PV life cycle cost/utility tariff for rebate based on Dollar/kWh not Dollar

asked 2021-01-09 20:45:41 -0500

mattkoch's avatar

updated 2021-01-10 12:14:18 -0500

So, Austin Energy has a solar rebate that works on Dollar per kWh of PV energy produced, rather than being an up-front amount in Dollar. In addition, they have net-metering, so the customer only pays for whatever electricity they must purchase after offsetting the facility demand and usage by the PV power generation and energy production.

I am currently using a tariff that has the ElectricityPurchased:Facility meter and the BuyFromUtility option. Originally, I also had a tariff that has the ElectricitySurplusSold:Facility meter and the SellToUtility option, so I could buy and sell at different $/kWh rates. I realize I could probably also use the ElectricityNet:Facility meter and the Net-Metering option if the buy and sell rates were the same, as they usually are for net-metering.

However, this does not account for PV energy production itself. So I thought I need a tariff with the ElectricityProduced:Facility meter and the SellToUtility option for that. However, EnergyPlus issues a warning that the ElectricityProduced:Facility meter is not normally used with the SellToUtility option. And, in the EnergyPlus report under Meters, this tariff has a "Selection No" entry. So I think this is being ignored.

Additionally, the rebate stops after ten years, so I was hoping to use an escalation rate for the ElectricityProduced:Facility meter that is 1.0 for the first ten years and then 0.0 for the rest of the life-cycle analysis period. However, this escalation does seem to be ignored as well.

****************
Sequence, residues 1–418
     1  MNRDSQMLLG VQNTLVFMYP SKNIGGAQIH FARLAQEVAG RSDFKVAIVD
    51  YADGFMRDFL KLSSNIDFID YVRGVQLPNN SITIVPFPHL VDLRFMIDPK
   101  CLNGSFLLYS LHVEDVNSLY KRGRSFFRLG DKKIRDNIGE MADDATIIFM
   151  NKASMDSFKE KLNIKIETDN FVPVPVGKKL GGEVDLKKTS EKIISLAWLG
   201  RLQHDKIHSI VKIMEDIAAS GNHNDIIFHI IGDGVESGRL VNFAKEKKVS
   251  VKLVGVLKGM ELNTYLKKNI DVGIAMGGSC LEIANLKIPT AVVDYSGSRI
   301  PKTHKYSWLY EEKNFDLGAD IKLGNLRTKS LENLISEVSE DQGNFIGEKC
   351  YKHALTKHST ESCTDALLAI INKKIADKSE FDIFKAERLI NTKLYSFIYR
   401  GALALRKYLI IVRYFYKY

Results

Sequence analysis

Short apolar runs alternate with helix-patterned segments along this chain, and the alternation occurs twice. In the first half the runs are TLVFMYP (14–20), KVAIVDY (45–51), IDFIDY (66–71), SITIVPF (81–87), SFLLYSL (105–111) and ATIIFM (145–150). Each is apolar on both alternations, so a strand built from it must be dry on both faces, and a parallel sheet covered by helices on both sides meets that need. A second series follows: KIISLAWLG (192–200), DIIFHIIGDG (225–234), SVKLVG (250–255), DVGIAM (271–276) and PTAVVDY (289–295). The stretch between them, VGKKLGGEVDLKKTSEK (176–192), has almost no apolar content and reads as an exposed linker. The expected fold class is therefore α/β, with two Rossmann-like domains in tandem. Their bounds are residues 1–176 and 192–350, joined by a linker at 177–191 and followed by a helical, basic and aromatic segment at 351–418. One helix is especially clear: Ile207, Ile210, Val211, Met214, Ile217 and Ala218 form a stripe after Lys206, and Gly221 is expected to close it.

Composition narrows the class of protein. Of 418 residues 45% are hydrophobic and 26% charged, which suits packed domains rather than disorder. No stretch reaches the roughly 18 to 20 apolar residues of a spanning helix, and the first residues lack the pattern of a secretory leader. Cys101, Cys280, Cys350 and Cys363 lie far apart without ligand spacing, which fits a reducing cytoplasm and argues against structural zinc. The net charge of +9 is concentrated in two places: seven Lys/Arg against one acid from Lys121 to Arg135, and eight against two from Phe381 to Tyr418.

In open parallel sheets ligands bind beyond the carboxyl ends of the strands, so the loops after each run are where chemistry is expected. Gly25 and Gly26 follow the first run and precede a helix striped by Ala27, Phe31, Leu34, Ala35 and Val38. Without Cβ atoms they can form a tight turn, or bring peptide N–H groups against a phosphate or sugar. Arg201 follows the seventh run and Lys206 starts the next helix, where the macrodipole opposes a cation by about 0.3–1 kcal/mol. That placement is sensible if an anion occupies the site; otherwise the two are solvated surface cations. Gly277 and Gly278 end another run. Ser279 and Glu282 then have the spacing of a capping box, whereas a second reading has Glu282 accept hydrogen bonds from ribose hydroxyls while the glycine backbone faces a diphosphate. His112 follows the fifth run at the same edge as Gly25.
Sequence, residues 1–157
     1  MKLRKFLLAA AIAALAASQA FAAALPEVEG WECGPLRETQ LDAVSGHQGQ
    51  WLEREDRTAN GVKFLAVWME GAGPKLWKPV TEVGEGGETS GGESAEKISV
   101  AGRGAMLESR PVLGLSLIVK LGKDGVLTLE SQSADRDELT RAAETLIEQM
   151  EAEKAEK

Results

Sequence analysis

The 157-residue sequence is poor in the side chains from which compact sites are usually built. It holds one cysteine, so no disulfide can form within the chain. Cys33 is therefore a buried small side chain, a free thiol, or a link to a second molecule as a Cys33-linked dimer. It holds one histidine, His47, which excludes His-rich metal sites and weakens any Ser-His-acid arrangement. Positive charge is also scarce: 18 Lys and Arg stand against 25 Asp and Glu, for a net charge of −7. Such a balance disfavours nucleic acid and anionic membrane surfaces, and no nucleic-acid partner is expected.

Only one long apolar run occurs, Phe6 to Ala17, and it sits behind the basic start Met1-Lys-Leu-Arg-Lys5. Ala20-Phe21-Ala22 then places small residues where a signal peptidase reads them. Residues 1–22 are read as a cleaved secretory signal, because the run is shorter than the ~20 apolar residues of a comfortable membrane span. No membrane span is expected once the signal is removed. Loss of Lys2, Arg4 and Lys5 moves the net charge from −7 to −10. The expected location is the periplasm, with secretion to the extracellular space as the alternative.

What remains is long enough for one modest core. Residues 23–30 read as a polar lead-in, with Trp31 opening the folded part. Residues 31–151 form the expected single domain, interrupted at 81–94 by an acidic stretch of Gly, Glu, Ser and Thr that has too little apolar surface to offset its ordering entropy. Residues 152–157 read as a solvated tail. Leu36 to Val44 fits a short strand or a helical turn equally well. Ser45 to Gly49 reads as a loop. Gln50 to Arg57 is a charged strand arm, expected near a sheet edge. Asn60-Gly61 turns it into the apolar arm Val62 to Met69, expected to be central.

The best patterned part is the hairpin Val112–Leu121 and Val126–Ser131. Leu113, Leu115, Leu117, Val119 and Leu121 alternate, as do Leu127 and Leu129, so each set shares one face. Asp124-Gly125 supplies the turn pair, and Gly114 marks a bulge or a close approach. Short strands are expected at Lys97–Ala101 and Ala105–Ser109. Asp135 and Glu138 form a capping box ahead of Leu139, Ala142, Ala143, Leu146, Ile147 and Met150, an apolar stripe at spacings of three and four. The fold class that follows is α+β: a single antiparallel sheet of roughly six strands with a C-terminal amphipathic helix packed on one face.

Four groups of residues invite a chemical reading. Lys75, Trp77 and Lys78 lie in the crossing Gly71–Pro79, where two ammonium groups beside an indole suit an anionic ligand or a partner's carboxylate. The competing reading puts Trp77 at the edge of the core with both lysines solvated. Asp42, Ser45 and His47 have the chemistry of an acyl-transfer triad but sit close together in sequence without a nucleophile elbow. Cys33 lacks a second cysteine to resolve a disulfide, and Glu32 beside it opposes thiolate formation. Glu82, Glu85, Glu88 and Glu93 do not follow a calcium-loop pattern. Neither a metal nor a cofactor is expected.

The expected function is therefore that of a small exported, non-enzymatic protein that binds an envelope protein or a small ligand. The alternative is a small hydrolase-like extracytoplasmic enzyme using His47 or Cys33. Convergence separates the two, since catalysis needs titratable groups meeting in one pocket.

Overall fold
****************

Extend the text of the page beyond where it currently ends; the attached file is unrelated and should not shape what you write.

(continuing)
So, I was wondering if anyone had ever encountered the need to model life cycle cost with a rebate that is based on $/kWh and if so, what they might have done to account for it?

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This is also known as a Value-Of-Solar (VOS) tariff, by the way. EDIT: Well, not quite. Austin Energy distinguishes a VOS tariff, which I believe should combine an Electricity:Facility/BuyFromUtility tariff with an ElectricityProduced:Facility/SellToUtility tariff, and a Performance-Based Incentive (PBI), which I believe should combine an ElectricityNet:Facility/NetMetering tariff with an ElectricityProduced:Facility/SellToUtility tariff. The challenge for both is the same, i.e. how to make EnergyPlus "select" the ElectricityProduced:Facility/SellToUtility tariff.

mattkoch's avatar mattkoch  ( 2021-01-10 10:29:40 -0500 )edit

Have you tried using ComponentCost:LineItem with the type being PV and the cost being negative so it shows as a rebate?

JasonGlazer's avatar JasonGlazer  ( 2021-01-11 11:41:24 -0500 )edit

Thank you Jason. I am viewing the ComponentCost items as more of an answer to a "what's my building costing me to build" question, and the LifeCycleCost items as more of an answer to a "how do I best retrofit my building for efficiency" question. I may be wrong in that, but that is what I am thinking when reading the documentation. More importantly, ComponentCost seem to be determined once upfront and - for PV - only depend on rated power, not produced energy. So, I would have to calculate that upfront and then add it as a negative LifeCycleCost:NonrecurringCost. A workaround at best.

mattkoch's avatar mattkoch  ( 2021-01-11 17:29:06 -0500 )edit

What I am really looking for is a calculation coming out of EnergyPlus that applies the Dollar per kWh rebate to the monthly PV energy production and then calculates net present value to fall in line with all the other LifeCycleCost calculations. As a bonus, this could be "turned off" after 10 years (hence my thought on using escalation). Yes, manual calculations outside of EnergyPlus are conceivable, but for simplicity and reliability, really all LifeCycleCost items should be calculated in real time as necessary to account for any changes made to the model.

mattkoch's avatar mattkoch  ( 2021-01-11 17:35:02 -0500 )edit

You might be able to automate the process if you are comfortable programming. If you know Python, you can try eppy or if you are more comfortable with Ruby or C++, you can try OpenStudio.

JasonGlazer's avatar JasonGlazer  ( 2021-01-12 14:27:52 -0500 )edit